« PreviousContinue »
All Nature ministers to Hope. The snow
BY A FRIEND.
I have heard thy sweet voice in the song,
And listened with delight-
The fairest mid'st the bright-
And envied them the lot,
Alone regarded not.
Oh, Lady! it were vain, I own,
To hope for charms like thine !
Will frown on love like mine :
Those eyes of sweetest hue,
And not for me to sue.
Yet, though forbidden by despair
The dream of happier hours
With Summer's brightest flowers-
Thy smile, thy voice's tone;
But worship thee alone.
No hope have I to live a deathless name,
A power immortal in the world of mind, A sun to light with intellectual flame,
The universal soul of human kind.
Not mine the skill in memorable phrase,
The hidden truths of passion to reveal, To bring to light the intermingling ways,
By which unconscious motives darkling steal.
To show how forms the sentient heart affect,
How thoughts and feelings mutually combine, How oft the pure, impassive intellect
Shares the mischances of his mortal shrine.
Nor can I summons from the dark abyss
Of time, the spirit of forgotten things, Bestow unfading life on transient bliss—
Bid memory live with “ healing on its wings.”
Oh give a substance to the haunting shades,
Whose visitation shames the vulgar earth, Before whose light the ray of morning fades,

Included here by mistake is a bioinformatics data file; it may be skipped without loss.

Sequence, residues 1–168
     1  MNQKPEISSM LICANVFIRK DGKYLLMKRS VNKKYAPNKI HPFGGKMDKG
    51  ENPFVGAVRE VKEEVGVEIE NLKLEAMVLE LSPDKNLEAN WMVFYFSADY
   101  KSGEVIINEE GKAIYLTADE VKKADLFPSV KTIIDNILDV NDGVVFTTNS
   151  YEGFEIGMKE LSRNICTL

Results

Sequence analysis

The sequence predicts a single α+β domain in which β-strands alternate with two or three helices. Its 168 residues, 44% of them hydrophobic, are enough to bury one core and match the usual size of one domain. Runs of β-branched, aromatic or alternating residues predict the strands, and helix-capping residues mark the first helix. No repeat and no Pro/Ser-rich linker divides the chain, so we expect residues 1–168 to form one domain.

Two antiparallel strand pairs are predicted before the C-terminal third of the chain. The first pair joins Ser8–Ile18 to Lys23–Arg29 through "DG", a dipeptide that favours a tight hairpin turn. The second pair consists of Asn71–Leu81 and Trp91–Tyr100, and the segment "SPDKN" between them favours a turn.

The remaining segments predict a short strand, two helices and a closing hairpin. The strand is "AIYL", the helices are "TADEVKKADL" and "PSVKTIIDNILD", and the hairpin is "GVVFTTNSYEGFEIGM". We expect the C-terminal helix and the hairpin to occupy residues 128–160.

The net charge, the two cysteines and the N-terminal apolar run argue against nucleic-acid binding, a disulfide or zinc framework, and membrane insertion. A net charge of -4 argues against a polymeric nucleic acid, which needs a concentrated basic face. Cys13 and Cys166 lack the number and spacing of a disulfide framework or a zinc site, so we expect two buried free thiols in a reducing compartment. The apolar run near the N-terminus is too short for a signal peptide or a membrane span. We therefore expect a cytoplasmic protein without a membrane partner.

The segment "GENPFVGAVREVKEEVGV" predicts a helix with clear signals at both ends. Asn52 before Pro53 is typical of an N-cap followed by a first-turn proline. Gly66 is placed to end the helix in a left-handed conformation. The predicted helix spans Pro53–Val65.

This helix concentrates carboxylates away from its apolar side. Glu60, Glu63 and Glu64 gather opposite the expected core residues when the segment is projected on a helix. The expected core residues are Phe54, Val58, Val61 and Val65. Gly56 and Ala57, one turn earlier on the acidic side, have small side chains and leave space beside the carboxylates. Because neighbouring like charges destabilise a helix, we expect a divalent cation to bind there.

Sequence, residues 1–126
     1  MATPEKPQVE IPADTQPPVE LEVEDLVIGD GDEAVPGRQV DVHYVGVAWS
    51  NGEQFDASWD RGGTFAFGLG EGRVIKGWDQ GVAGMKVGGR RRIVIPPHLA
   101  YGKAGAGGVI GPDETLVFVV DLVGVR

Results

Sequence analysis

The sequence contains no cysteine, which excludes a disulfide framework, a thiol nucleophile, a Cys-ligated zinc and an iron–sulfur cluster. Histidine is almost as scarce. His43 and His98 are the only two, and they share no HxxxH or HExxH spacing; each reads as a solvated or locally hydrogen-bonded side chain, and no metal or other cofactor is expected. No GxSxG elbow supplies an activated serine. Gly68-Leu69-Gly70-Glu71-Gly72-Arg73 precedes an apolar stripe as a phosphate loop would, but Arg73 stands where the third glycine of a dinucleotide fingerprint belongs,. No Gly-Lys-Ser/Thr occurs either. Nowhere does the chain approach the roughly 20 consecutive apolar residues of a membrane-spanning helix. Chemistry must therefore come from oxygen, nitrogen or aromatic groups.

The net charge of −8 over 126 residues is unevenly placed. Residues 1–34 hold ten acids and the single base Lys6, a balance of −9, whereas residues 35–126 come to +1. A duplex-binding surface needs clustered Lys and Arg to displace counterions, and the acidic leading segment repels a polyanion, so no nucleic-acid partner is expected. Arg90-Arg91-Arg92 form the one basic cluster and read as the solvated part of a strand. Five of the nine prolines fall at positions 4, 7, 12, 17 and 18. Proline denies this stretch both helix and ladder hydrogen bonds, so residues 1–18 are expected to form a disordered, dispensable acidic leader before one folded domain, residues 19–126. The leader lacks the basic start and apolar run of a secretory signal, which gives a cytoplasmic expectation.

And hollow yearning chills the soul of mirth.
I have no charm to renovate the youth
Of old authentic dictates of the heart,
And out of Nature form creative Art.
Divinest Poesy !—'tis thine to make
Age young-youth old-to baffle tyrant Time, From antique strains the hoary dust to shake,
And with familiar grace to crown new rhyme.
Long have I loved thee-long have loved in vain,
Yet large the debt my spirit owes to thee, Thou wreath’d'st my first hours in a rosy chain,
Rocking the cradle of my infancy.
The lovely images of earth and sky
From thee I learn'd within my soul to treasure ; And the strong magic of thy minstrelsy
Charms the world's tempest to a sweet, sad measure.
Nor Fortune's spite-nor hopes that once have been
Hopes which no power of Fate can give again, Not the sad sentence—that my life must wean
From dear domestic joys—nor all the train.
Of pregnant ills—and penitential harms
That dog the rear of youth unwisely wasted, Can dim the lustre of thy stainless charms,
Or sour the sweetness that in thee I tasted.
Se lamentar augelli, o verdi fronde.
The birds piped mournfully; the dark green leaves